In this paper we define and study the moduli space of metric-graph-flows in a manifold M.

This is a space of smooth maps from a finite graph to M, which, when restricted to each edge, is a gradient flow line of a smooth (and generically Morse) function on M. Using the model of Gromov-Witten theory, with this moduli space replacing the space of stable holomorphic curves in a symplectic manifold, we obtain invariants, which are (co)homology operations in M. The invariants obtained in this setting are classical cohomology operations such as cup product, Steenrod squares, and Stiefel-Whitney classes. We show that these operations satisfy invariance and gluing properties that fit together to give the structure of a topological quantum field theory. By considering equivariant operations with respect to the action of the automorphism group of the graph, the field theory has more structure. It is analogous to a homological conformal field theory. In particular we show that classical relations such as the Adem relations and Cartan formulae are consequences of these field theoretic properties.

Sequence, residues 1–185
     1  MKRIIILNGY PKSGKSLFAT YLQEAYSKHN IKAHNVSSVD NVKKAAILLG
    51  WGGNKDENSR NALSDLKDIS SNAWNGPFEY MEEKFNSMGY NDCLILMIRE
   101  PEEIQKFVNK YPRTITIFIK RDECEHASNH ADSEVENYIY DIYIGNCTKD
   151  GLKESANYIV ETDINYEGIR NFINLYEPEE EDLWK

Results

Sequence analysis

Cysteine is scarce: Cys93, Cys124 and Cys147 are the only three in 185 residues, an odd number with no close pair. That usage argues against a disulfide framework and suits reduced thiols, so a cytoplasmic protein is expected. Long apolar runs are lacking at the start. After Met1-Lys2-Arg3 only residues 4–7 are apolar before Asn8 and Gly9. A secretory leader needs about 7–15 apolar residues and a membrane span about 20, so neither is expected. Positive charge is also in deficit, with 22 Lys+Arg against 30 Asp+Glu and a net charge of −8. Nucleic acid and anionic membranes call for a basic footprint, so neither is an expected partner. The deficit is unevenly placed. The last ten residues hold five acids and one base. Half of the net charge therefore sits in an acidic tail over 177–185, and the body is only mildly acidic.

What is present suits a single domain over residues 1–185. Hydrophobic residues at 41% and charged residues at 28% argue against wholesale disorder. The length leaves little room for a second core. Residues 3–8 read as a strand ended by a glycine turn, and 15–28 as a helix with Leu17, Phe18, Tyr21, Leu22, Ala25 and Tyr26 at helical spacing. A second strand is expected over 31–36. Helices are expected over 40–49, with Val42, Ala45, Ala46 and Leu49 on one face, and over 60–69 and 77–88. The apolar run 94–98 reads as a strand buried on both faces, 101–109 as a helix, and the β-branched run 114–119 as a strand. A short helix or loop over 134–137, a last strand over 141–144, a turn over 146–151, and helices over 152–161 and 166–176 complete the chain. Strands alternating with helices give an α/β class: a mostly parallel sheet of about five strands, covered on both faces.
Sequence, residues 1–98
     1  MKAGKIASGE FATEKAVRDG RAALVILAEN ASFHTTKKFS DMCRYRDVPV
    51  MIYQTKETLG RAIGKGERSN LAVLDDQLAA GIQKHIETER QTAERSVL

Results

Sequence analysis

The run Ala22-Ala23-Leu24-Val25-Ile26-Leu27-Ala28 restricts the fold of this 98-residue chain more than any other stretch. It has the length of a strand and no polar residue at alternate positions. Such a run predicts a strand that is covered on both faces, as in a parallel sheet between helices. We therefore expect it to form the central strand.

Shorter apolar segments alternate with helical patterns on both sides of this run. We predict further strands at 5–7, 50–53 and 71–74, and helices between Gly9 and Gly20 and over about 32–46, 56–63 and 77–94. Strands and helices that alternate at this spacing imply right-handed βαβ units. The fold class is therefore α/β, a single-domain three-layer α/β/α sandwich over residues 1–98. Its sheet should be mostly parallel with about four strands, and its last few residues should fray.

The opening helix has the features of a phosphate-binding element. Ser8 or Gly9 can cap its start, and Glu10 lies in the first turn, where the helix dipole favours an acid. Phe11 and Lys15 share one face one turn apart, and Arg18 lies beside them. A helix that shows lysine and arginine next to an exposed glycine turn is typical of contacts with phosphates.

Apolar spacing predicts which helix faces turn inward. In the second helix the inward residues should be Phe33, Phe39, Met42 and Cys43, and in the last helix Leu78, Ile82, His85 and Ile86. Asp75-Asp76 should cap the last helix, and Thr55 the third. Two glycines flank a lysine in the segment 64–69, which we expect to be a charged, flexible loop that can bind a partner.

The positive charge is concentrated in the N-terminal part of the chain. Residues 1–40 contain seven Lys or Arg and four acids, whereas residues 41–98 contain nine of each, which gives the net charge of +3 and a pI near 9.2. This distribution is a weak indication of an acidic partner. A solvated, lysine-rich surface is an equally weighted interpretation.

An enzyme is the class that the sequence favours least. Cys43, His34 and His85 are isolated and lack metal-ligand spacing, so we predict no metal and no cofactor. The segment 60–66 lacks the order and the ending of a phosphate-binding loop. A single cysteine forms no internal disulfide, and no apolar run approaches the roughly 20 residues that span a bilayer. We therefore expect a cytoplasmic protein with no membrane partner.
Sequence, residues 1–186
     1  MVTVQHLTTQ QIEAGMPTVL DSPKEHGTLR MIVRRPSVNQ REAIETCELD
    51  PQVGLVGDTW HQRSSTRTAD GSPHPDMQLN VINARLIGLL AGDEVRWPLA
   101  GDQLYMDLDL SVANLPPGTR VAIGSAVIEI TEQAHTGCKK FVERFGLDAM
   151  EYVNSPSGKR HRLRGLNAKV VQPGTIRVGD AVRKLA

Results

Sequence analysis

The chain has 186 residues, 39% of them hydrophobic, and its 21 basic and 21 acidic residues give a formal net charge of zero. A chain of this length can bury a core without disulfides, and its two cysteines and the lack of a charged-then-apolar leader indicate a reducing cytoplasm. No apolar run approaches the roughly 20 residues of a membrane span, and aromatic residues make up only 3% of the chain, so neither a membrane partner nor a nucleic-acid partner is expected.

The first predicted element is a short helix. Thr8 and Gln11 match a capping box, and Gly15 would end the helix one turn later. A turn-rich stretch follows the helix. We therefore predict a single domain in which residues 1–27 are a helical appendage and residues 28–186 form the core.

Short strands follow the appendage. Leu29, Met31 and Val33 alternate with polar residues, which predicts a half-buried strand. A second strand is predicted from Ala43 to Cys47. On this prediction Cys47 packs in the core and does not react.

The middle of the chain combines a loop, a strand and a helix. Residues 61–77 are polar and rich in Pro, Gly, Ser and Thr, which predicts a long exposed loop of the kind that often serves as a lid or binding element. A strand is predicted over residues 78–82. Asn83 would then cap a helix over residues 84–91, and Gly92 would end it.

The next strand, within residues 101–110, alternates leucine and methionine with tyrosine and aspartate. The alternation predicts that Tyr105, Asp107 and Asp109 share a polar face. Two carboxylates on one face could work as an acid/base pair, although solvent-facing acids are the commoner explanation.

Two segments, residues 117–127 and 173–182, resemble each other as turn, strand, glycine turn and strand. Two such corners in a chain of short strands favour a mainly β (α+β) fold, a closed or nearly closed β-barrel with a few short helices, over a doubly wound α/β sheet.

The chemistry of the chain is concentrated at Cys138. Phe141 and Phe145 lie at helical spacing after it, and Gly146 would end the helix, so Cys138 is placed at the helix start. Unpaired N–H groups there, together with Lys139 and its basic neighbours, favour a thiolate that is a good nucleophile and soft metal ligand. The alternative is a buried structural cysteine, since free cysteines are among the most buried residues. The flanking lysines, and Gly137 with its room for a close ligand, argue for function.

These operations are defined and studied using two different methods. First, we use algebraic topological techniques to define appropriate virtual fundamental classes of these moduli spaces. This allows us to define the operations via the corresponding intersection numbers of the moduli space. Secondly, we use geometric and analytic techniques to study the smoothness and compactness properties of these moduli spaces. This will allow us to define these operations on the level of Morse-Smale chain complexes, by appropriately counting metric-graph-flows with particular boundary conditions.

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Thanks for the reference; hopefully I can make out a visual picture of what this formula is doing. –  Chris Gerig Jul 1 '12 at 20:05
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Steenrod operations in Floer homology are constructed in the thesis of Matthias Schwarz: http://www.math.uni-leipzig.de/~schwarz/diss.pdf

Perhaps a similar construction is feasible for Morse homology?